Australia recently pledged to send over 500 ventilators, 1 million surgical masks, 500,000 P2 masks, 100,000 surgical gowns, 100,000 pairs of goggles, 100,000 pairs of gloves, 20,000 face shields, and 100 oxygen concentrators to India. Additionally, the government of Western Australia set a positive precedent by donating $2 million in relief funding to support on-the-ground efforts, including providing medical supplies and PPE, installing oxygen concentrates in hospitals, sourcing ventilators, and supporting local charity organisations directly supporting affected families. Most recently, the Victorian government pledged to send $41 million. Apart from monetary aid, Australia can provide valuable and expert advice to train Indian policy professionals, government officials, and data collecting bodies about effective contact tracing, quarantine measures, data collection and standardisation, case modelling, mask hygiene, and vaccine education campaigns.

Australia could consider vaccine diplomacy, which presents the potential for collaboration in research, technology, and providing affordable raw materials for vaccine production, by supporting India’s call for the temporary suspension of the Trade-Related Aspects of Intellectual Property Rights (TRIPS) agreement to allow least developed countries (LDCs) to manufacture cheap vaccines for their populations. After initially refusing India’s appeal last October, Australia briefly joined New Zealand and Canada in urging the World Trade Organization to assist individual countries to negotiate with pharmaceutical companies. However, LDCs are still liable to pay for rights to vaccine formulas.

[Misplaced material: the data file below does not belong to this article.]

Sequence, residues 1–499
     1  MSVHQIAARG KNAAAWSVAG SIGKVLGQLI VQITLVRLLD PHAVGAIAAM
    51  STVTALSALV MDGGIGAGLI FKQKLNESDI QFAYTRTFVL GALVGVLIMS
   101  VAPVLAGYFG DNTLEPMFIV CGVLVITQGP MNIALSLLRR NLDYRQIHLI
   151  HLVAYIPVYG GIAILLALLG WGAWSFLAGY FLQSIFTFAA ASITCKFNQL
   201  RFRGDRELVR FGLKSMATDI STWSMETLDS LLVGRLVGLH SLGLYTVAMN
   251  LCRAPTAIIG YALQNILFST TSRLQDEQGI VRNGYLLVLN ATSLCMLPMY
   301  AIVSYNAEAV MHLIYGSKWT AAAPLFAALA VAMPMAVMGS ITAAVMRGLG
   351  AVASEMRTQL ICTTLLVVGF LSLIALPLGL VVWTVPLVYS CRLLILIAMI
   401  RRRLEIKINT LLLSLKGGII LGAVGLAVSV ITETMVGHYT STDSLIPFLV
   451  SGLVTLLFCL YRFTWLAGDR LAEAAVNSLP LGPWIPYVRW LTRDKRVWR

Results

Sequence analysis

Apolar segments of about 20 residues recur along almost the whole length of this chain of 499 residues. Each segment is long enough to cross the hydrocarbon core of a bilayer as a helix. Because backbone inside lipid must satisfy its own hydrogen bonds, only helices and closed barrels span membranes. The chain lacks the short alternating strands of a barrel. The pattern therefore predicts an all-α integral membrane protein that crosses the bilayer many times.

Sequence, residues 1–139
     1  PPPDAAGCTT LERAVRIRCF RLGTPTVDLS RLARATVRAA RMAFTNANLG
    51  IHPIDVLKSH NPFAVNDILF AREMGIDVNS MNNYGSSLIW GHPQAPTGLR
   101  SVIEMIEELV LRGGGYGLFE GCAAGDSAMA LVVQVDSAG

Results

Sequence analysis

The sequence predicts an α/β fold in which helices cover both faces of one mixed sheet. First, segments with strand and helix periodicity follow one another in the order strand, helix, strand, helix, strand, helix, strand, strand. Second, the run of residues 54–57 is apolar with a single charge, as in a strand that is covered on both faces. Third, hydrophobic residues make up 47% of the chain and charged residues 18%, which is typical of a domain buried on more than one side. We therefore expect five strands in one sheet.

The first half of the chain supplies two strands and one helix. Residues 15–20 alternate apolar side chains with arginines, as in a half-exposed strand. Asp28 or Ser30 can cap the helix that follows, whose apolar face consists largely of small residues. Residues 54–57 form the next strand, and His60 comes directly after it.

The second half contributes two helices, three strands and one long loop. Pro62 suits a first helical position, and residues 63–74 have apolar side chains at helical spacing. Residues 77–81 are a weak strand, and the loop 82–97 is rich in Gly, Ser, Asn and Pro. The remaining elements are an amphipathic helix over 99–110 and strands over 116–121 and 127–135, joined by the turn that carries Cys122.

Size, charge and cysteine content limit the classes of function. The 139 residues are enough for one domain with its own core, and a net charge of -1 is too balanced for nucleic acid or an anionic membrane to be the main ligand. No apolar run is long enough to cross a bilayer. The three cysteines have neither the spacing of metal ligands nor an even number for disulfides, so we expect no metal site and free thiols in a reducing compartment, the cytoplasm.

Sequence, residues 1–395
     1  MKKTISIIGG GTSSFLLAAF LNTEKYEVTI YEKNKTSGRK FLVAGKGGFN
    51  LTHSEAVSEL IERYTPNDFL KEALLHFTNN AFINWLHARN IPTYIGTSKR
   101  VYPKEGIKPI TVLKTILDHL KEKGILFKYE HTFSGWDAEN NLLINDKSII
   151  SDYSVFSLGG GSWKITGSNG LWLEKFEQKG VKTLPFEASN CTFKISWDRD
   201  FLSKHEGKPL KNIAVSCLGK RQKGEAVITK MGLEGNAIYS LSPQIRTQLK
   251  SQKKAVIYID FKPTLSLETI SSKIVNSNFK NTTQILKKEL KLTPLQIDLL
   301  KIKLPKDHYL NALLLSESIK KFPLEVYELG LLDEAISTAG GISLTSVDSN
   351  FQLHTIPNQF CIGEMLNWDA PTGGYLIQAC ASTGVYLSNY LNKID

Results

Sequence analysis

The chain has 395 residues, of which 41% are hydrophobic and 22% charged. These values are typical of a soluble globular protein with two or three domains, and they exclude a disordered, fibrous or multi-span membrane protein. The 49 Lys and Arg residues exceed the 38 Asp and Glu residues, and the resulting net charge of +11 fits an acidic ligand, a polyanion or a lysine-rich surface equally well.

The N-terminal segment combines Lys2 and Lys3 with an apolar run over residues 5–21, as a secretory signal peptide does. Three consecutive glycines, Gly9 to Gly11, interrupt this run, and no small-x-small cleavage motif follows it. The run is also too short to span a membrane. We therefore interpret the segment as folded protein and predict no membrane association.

The higher education sector in Australia can also play a major role. Despite the overall lack of empathy and support and a centralised response to supporting the international student cohort last year, Australian universities now have the chance to proactively support their Indian student community, which is currently experiencing mental anguish and stress. Feasible options include providing free or subsidised mental health services and enhanced study support resources, which demonstrate that Australia values its Indian student community upon which it is highly reliant economically.

India’s COVID-19 nightmare is far from over, and the biggest strength of our overarching global system is its ability to respond to crisis and transcend the idea of a nation-state to ensure resources are somewhat equitably shared. Australia has both an interest in and incentive to help ensure that India does not get left behind.

Aasha Sriram is a Master of International Relations student at the University of Melbourne interested in migration, social policy, and development issues. She is also a Co-Researcher studying food insecurity on Australian campuses at the Melbourne Social Equity Institute. Aasha has experience working as a writer and project officer in community development in India and Kenya. Currently, Aasha works as a Communications Officer at the Energy Efficiency Council. With journalism and media experience, Aasha has written about public policy issues surrounding international students and food insecurity for The Conversation, Pursuit Magazine, and Times Higher Education.

This article is published under a Creative Commons License and may be republished with attribution.